Fiona Connor

FATHER DIGESTING THE NEWSPAPER    ―   New Zealand, January 2016

“One of the things that is very interesting thing to know is how you are feeling inside you to the images that are coming out to be outside of you.” (Gertrude Stein with one alteration: images instead of ‘words’)





Courtesy of the artist – Photos: Peter Kirby

Gertrude Stein’s portrait writing (from “Portraits and Repetition”)

“We in this period have not lived in remembering, we have living in moving being necessarily so intense that existing is indeed something, is indeed that thing that we are doing. And what does it really matter what anybody does. The newspapers are full of what anybody does and anybody knows what anybody does but the thing that is important is the intensity of anybody’s existence. Once more I remind you of Dillinger. It was not what he did that was exciting but the excitement of what he was as being exciting that was exciting. There is a world of difference and in it there is essentially no remembering.

And so I’m trying to tell you what doing portraits meant to me, I had to find out what it was inside any one, … and I had to find out not by what they said not by what they did not by how much or how little they resembled any other one but I had to find it out by the intensity of movement that there was inside in any one of them. … I must find out what is moving inside them that makes them them, and I must find out how I by the the thing moving excitedly inside in me can make a portrait of them.”

“Portraits and Repetition” is one of the five lectures Gertrude Stein wrote in 1934.
They were originally published in a book called Lectures in America, New York, Random House, 1935.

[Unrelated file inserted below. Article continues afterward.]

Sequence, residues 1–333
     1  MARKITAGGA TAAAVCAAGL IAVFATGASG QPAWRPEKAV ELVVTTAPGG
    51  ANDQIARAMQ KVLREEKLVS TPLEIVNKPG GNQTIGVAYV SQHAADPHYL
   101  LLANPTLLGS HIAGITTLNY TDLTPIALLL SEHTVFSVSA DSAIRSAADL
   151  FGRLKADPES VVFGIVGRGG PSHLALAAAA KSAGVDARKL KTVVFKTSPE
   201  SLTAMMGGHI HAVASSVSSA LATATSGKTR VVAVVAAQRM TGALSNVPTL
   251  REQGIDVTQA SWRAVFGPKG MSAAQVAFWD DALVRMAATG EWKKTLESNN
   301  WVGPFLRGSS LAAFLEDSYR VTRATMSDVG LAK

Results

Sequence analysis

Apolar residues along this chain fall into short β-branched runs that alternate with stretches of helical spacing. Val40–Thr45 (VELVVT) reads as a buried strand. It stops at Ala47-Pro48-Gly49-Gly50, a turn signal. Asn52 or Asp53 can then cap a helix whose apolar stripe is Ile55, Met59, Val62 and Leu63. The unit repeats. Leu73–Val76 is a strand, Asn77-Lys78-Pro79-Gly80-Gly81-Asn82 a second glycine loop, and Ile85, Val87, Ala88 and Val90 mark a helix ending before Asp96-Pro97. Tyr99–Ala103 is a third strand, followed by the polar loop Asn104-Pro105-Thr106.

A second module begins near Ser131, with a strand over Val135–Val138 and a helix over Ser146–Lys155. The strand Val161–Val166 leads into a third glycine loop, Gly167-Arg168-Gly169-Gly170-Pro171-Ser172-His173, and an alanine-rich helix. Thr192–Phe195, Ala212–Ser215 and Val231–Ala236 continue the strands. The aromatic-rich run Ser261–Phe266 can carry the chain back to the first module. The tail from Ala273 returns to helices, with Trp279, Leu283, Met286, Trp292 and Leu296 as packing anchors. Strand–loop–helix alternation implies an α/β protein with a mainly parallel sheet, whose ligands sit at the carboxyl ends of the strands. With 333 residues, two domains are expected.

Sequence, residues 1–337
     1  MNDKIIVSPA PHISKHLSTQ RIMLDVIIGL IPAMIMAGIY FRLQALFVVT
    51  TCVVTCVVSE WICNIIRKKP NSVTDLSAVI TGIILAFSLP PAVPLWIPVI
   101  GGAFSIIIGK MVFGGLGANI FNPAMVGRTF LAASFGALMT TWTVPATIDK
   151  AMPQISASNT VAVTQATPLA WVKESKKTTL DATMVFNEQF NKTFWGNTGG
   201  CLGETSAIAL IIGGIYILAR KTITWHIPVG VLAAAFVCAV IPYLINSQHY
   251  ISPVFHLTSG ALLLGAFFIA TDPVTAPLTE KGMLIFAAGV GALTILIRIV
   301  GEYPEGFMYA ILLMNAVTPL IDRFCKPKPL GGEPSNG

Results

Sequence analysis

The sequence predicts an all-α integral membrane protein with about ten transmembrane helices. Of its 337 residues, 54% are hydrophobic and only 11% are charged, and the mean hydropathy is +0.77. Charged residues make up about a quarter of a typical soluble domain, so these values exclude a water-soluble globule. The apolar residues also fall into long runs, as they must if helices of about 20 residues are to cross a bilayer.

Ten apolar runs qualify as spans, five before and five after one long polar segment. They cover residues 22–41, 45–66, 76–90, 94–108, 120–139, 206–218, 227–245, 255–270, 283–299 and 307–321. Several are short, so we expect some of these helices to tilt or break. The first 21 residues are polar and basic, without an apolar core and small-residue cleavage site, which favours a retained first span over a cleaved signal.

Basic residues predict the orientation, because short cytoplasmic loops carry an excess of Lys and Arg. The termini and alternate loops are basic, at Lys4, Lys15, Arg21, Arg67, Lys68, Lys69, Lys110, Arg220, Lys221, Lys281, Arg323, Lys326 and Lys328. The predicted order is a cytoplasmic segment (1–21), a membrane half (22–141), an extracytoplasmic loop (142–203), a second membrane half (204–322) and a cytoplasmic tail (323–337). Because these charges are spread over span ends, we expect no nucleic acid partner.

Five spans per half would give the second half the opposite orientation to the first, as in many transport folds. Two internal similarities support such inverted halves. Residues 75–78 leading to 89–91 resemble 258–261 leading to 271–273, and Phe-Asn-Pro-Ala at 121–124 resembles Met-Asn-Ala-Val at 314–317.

Newspaper Reading Club, New York – Poster Project 2014

“Connor and Paludan ask participants to read from newspapers and periodicals of their choice, as they normally would, but to verbalize the process of skimming, commenting and personal editorializing that naturally occurs. A recording is made of the participants as they read through articles and make accompanying comments. These recordings are later transcribed to produce texts which become personalized documents of wider political trends, and which make visible the structures by which information is transmitted and absorbed. Through this process each edition of the Newspaper Reading Club comes to speak to the location in which it is held and the particular events present on the day of the reading.” 

To this official presentation I add that names of the readers are NOT given to the public. Posters merge into the texture of anonymous words hung and painted all around the passers by. Silent, unappealingly black and white, they are “a space of detachment,” as if they had given up having a body. Large pages, expanded leaves, they are not supposed to last. Marginal thoughts of unofficial readers. Their form is made with random and temporary reactions to the news daily printed. But THE READING MAKES THEM: which happens with no rules, each person cuts and runs on the pages following a sort of visual instinct, often masking the text with a texture of secret, unclear patterns. And words become crazy machines dispersing printed and uttered thoughts, a collective voice brought back to a fluid current, impersonal, fleeting. If the posters’ readers have questions, they become part of the flowing, of a FLUXUS perhaps? (R.A.)